Bacteria have developed a range of processes to elude the effects of antibiotics, including protection against the uptake of antibiotics through their cell membranes, developing enzymatic processes that modify or degrade the antibiotic, altering the molecules that antibiotics target, and actively removing antibiotics from the cell via specialized efflux proteins (Giedraitiene et al., 2011). Bacterial enzymes that are able to neutralize antibiotics include β-lactamases, aminoglycoside-modifying enzymes, and chloramphenicol acetyltransferases (Giedraitiene et al., 2011). Bacteria are also able to mutate the molecular targets of antibiotics, interfering with the highly specific interaction between the antibiotic and its target molecule through small structural modifications. For example, mutations in penicillin-binding proteins reduce the efficacy of β-lactams, mutations in 23S rRNA confer resistance to macrolides, lincosamides and streptogramin B, and mutations in DNA topoisomerase II and IV lead to resistance to quinolones and fluoroquinolones (Giedraitiene et al., 2011). Bacteria can eliminate antimicrobial agents by pumping them out via efflux proteins located in the bacterial cell membrane. Although these proteins can be antibiotic-specific, most are multidrug transporters. Another mechanism of resistance is reduced outer membrane permeability, which results in a decreased uptake of antibiotics (Giedraitiene et al., 2011).

In humans, the gut microbiota contains a pool of antibiotic resistance genes. Antibiotic treatment rapidly increases the pool of resistance genes present in the gut, which slowly declines after treatment is discontinued (Rolain, 2013). Antibiotic-resistant gut bacteria can be transferred to a newborn from his/her mother at birth and thereafter may persist for weeks. In a Swedish study, tetracycline resistance was detected in 12% of commensal E. coli strains from infants who had not received tetracycline (Karami et al., 2006).

Clinical Consequences of Antibiotic Use

Short- and Medium-Term Consequences

Antibiotic-Associated Diarrhea

Antibiotic-associated diarrhea (AAD) is defined as diarrhea that occurs in association with the administration of antibiotics and that cannot be explained otherwise (Bartlett, 2002). Diarrhea can occur during antibiotic treatment and up to 8 weeks after treatment cessation (McFarland, 2008).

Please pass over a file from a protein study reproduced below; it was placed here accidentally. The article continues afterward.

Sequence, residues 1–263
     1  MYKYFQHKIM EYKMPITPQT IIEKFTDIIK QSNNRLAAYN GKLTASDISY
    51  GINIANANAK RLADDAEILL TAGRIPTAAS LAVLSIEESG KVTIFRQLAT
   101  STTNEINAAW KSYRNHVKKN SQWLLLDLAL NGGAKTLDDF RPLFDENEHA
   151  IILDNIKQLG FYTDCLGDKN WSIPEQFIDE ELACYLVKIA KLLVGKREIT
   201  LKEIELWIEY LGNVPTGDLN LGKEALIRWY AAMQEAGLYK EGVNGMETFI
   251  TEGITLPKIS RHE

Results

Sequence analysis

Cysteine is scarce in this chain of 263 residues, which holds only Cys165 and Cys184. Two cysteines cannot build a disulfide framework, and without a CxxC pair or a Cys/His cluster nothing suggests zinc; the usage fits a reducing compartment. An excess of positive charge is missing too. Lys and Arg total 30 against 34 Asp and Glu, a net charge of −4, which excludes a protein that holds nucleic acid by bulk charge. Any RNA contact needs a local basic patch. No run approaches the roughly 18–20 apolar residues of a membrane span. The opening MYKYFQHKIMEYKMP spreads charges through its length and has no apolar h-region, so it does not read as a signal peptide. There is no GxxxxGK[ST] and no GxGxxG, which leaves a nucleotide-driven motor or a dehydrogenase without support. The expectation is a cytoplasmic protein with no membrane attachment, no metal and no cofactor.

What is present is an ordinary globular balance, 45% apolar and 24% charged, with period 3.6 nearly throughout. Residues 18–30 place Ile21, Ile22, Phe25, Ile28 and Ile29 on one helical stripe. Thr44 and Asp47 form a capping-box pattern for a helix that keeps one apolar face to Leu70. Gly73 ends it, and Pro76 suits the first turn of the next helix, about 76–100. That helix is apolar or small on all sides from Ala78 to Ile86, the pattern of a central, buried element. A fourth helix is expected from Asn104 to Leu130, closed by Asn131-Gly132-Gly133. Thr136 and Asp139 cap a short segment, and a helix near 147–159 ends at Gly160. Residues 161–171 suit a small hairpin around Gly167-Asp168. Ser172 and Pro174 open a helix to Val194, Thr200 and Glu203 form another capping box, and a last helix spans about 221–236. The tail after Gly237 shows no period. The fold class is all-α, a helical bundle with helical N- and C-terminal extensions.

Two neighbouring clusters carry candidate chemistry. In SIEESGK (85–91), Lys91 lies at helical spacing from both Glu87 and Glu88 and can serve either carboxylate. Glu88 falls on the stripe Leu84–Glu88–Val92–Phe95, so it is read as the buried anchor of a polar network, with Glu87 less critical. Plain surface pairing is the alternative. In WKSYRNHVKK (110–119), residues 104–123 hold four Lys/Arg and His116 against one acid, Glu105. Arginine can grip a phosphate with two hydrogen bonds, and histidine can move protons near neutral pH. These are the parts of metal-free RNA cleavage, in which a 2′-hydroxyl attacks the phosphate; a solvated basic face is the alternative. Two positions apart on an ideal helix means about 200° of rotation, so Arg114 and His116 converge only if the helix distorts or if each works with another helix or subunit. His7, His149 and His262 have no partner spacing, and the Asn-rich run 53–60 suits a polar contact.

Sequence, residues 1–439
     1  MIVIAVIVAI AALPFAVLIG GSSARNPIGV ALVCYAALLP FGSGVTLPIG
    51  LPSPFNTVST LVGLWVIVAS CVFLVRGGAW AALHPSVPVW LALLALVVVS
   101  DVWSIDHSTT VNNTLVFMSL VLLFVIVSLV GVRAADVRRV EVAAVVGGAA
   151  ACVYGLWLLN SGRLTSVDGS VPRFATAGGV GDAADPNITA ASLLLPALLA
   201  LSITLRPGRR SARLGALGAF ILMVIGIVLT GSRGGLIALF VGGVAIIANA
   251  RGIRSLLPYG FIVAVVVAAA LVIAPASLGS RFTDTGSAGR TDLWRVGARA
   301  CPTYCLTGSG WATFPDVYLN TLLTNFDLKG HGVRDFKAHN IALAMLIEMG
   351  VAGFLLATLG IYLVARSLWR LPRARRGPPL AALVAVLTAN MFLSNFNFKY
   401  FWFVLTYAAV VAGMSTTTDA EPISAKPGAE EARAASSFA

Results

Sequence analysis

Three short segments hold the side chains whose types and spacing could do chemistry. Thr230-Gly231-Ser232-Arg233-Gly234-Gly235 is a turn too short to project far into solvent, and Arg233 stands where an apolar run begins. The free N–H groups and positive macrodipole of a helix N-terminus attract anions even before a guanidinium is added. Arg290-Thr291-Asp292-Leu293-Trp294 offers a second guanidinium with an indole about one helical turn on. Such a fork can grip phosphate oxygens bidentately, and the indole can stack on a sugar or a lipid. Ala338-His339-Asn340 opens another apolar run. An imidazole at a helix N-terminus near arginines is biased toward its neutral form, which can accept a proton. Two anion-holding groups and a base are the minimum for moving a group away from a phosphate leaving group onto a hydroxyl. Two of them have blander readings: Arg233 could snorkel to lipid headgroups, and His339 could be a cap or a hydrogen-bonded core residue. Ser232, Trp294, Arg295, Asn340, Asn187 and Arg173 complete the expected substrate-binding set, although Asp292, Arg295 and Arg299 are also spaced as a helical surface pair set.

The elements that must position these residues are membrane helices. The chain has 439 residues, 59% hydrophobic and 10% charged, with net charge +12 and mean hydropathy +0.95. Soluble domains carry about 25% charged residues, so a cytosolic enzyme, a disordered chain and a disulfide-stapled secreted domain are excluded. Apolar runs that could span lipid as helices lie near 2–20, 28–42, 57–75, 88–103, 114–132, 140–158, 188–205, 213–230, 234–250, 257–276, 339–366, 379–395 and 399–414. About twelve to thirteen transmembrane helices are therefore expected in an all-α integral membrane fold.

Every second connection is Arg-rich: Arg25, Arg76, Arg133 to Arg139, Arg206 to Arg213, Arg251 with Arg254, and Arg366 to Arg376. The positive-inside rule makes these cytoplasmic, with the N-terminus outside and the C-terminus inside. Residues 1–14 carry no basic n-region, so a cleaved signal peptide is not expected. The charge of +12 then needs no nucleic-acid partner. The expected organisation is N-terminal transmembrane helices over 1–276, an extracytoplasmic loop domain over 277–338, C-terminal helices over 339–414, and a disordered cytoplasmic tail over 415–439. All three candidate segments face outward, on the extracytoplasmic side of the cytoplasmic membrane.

Under normal conditions, homeostasis of the intestinal epithelium is maintained by a number of mechanisms, including a thick mucus layer and tight junctions to maintain the integrity of the intestinal epithelium (Willing et al., 2011). The number of gut bacteria is controlled by antimicrobial peptides (C-type lectins, defensins, and cathelicidins), which are secreted into the mucus layer along with secretory immunoglobulin A (IgA) in response to microorganism-associated microbial patterns. Antibiotic exposure eliminates subsets of the normal gut microbes, thereby reducing exposure to microorganism-associated microbial patterns and decreasing secretion of antimicrobial peptides (Willing et al., 2011). In addition, some antibiotics cause thinning of the mucus layer and disruption of tight junctions, rendering the intestinal epithelium more susceptible to damage. Changes in microbial proteases could also affect mucosal barrier function. Collectively, these processes facilitate successful invasion by enteric pathogens (Willing et al., 2011).

The prevalence of AAD among patients who receive antibiotics is approximately 5–35% (McFarland, 2008). In a study of adult ambulatory patients receiving antibiotics for 5–10 days, the incidence of AAD was 17.5% (Beaugerie et al., 2003). The clinical course of AAD differed depending on whether C. difficile was involved, with most episodes of non-C. difficile AAD being mild in severity and self-limiting, lasting only a few days (Beaugerie et al., 2003).